JG: I really enjoy your Improvisations on Reality blog. You cover some great topics like writing about what you fear. You also wrote a recent post about reviewer’s etiquette. It takes a lot of guts for a writer to put their stuff out there and then listen to the praise and potshots. What’s your initial response to a review? 1) A “good” review 2) A “bad” review?

KG: Thanks, JG. In both cases, I have to thank the reviewer for their opinion, and if I get a bad one, I try to address their questions – sometimes, anyway. The thing is this: every time you put your work out into a public medium, you become fair game. Anyone can read it, anyone can dislike it, but one way or the next, it’s your work.

As I said in the blog post, there is such a thing as a “good bad review”. If I get one of those, I take it as a valid critique and put myself into the reviewer’s shoes. If their point is valid, I file it away, and improve on it. If it is a not-so-good bad review, I file it away and don’t think about it. In the end it’s my story vs. other people’s opinion. I hadn’t given a whit of a care for other people’s opinions of me in some time and hardly intend to start; if I would, I doubt that I’d write another word, and that simply wouldn’t do.

JG: Last time you were on Paper Cut you said Sir Arthur Conan Doyle was your favorite author. Has that changed? Who else do you dig?

KG: Still a Sir Arthur fan, and have gotten heavily into reviewing self-published authors. I mentioned some names above, and stand by them. Those are some awesome authors, and I look forward to their next installments.

JG: Do you write every day?

KG: I try, but it doesn’t always work. I make sure to write at least 3-4 times a week, under any circumstances, even if it means just a blog post or a scribble in a journal. Life has a funny way of interfering with the best-laid plans.

JG: What are you reading now?

KG: Right now, I’m digging into Agent 6 by Tom Rob Smith. I’ve read the entire Leo Demidov series so far (Child 44, The Secret Speech) and I find his writing very engrossing.

JG: Any parting words, wisdom for aspiring writers?

KG: Research, research, and research. When I had first started out with self-publishing, which was just as it was beginning to catch on but good, I had a crash course in how important it is to research absolutely everything about the various publication options before you decide to go with one or the next. You need to know writing on the business side if you want to get ahead, because no matter how much writing is a calling or an art form, first and foremost, it is an industry and functions as such. It is very, very important to build yourself as a businessperson as well as a writer, because you will invariably find that one is lost without the other.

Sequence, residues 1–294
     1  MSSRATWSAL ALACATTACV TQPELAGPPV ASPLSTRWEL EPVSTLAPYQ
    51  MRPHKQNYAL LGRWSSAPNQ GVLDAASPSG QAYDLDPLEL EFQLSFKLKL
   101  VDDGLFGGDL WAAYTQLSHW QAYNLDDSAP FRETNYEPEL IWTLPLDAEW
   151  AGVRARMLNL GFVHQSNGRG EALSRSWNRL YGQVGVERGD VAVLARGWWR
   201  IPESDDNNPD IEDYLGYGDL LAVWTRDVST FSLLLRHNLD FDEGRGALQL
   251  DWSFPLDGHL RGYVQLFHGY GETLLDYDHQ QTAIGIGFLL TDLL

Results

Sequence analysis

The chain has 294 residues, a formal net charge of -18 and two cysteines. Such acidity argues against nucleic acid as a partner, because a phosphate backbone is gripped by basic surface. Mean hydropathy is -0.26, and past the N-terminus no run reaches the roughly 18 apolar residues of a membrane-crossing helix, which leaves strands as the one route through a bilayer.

JG: Please feel free to share anything else I may have missed out on.
Well, you haven’t missed out on much.  I’m still busy as hell, still work in accounting, still chase jazz, and have picked up a penchant for buffalo wings. Life is good, thinks I.

Release date for Book 4 is tentatively slated for May 13th, 2012.

Wednesday, August 24, 2011

Honoring the Maze Maven, Jorge Luis Borges at 112

Find your way out of maze as we celebrate the 112th birthday of Jorge Luis Borges. I’m sure he has had a tremendous impact on your writing. I know he has on mine. When I was introduced to his stories, more than a dozen years ago, I’d found my mentor. The very idea of sneaking hardcore philosophy into literature with such mathematical and narrative precision was an awakening for me.

Reading his brilliant stories, I realized it was imperative to tackle the unknown and deepen one’s prose with academic quandaries while still keeping one’s finger on the human pulse. Borges did this better than anybody I know. We think of HG Wells as the godfather of Sci-fi, Poe the high priest of the bizarre, and Sartre as the Prince of Philosophical lit, but Borges mixed these into his own unique stew.

I’d caution writers to read, but not emulate his style. It is too difficult to master and Post-Modernism has led to very mixed results. Then again, tapping into magic realism’s sly genius is great counterpoint for most of the realistic, hardboiled fluff we leaf through nowadays.

All I’m really saying is this, treat yourself to “The Dead Man”, “The Two Kings and the Two Labyrinths”, “The Circular Ruins”, “Pierre Menard, Author of the Quixote”, really, anything you can get your hands on and don’t let a day go by without toiling over the nagging itch of writing. Grope for it like “The Book of Sand” or pinch for a single grain. One a day, mind you, will get you through the daily toil.